The Imperfect Parent
I recently wrote an article for a writing assignment, “A Christian Parent’s Worst Nightmare.” While the article was based on a real life story, some of the details were not clear as I recalled the incident to write about it. When reading back over what I wrote, and thinking about that time in our lives, I realize we sure didn’t handle our daughter’s struggle with grace. (Why is hindsight always 20/20?). It grieves me.
I was aware at the time, we weren’t handling it well, but then to remember it now, puts a big stamp of “failure” on it, in my mind.
We are no longer full-time parents as in: the conditioning, training, coaching stage of life with our children. Our children are all grown up with lives and families of their own. So now, as I look back over those years, I see many failures in our parenting skills. Some I saw and knew about at the time, and didn’t take an intentional path to correct. Others, I simply did not see.
Sometimes my heart longs for a “do-over”. I wish I had been more attentive, more kind more understanding, more empathetic, more patient with the children. I wish I had prayed more and talked to “girlfriends less.” I wish I had been more intentional about daily telling them about Jesus, and not so much about, “what they could do and not do.” Yes, I have some regrets.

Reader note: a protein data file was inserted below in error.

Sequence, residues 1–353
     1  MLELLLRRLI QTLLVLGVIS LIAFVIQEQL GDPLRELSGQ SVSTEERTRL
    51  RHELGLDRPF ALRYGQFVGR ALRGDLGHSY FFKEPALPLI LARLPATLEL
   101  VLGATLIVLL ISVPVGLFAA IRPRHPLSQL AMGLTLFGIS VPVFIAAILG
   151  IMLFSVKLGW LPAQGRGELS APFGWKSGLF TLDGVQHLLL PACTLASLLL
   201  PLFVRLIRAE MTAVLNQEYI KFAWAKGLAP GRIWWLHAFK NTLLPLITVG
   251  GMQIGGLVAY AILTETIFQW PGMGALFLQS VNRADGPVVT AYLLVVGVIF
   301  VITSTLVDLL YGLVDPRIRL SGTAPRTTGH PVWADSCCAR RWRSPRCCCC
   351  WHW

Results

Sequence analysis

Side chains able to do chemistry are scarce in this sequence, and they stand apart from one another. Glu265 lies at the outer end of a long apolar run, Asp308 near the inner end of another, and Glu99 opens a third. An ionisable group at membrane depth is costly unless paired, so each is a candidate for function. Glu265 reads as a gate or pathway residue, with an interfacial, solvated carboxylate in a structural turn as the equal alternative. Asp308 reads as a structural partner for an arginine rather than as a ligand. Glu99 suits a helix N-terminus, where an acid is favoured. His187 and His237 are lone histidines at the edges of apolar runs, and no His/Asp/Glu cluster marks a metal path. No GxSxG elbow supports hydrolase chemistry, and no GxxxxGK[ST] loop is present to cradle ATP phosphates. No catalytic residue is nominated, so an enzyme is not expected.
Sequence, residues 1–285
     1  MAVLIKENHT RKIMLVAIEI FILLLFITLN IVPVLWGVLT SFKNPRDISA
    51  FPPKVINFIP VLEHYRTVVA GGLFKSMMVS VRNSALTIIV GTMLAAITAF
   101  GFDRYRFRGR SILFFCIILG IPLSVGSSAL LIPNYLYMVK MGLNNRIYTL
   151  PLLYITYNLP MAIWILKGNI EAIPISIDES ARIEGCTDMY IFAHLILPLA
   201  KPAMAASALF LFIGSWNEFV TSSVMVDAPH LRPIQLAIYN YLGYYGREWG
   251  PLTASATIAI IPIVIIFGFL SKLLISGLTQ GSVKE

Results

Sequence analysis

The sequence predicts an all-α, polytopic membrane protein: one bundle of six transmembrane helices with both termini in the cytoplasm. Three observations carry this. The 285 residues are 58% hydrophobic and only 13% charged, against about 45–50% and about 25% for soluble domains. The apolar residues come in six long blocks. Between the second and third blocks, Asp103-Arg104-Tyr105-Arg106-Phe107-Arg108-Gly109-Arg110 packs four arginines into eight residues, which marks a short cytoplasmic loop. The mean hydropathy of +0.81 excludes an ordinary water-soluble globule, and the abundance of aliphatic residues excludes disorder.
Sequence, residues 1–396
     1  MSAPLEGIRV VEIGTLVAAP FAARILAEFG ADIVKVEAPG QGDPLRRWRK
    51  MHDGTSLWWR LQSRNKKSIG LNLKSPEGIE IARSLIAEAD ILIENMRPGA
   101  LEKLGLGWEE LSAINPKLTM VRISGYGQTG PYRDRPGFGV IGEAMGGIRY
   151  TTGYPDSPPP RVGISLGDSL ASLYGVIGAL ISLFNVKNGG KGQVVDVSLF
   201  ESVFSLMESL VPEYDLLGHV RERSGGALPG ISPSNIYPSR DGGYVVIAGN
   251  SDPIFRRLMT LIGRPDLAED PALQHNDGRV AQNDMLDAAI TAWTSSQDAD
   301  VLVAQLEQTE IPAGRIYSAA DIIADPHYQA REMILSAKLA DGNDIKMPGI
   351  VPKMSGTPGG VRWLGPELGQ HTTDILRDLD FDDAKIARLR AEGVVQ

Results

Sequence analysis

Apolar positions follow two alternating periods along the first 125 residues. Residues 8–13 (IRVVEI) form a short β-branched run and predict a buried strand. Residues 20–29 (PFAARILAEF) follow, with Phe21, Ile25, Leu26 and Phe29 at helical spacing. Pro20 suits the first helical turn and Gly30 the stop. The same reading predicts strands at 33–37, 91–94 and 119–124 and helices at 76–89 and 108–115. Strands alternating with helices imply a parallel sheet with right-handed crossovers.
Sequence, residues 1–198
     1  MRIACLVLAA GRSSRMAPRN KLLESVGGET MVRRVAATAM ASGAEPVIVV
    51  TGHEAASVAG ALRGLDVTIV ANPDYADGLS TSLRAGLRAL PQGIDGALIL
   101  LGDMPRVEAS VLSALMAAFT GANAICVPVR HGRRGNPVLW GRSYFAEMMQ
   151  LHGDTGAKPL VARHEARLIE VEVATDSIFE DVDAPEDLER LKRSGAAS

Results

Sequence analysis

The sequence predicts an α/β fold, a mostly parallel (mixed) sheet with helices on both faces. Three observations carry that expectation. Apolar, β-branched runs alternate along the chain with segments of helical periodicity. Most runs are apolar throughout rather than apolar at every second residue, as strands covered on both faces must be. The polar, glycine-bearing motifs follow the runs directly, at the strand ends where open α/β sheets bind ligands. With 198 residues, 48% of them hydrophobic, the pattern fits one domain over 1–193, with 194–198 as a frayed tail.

I think when we are young, we can be prideful and think we have it all together. I know that was me. I could not see it at that time.
In reality life is a process. All of us are in some stage of being shaped by the potter’s hand. No one, no one has it all figured out.
I am grateful that during the many years of my life as God has been shaping me, much like pottery on His potter’s wheel, he did not get so discouraged, or frustrated or lacking in understanding that he just “smashed” my potential to be a pot of noble use.
Father, we thank you for your grace, for your understanding and patience…..when we don’t get it. For all those new mothers, those mothers of many young ones, or mothers of teenagers that have days that make them feel like a failure. Draw them to you for times of rest and affirmation of your presence. Give them strength for the daily responsibilities and the decisions that are many. Help them draw on the wisdom of your word as they meet the needs of their families. Incline their hearts towards being intentional in teaching their children about you and your Son. Father, we give you all the praise and glory for your design of the family.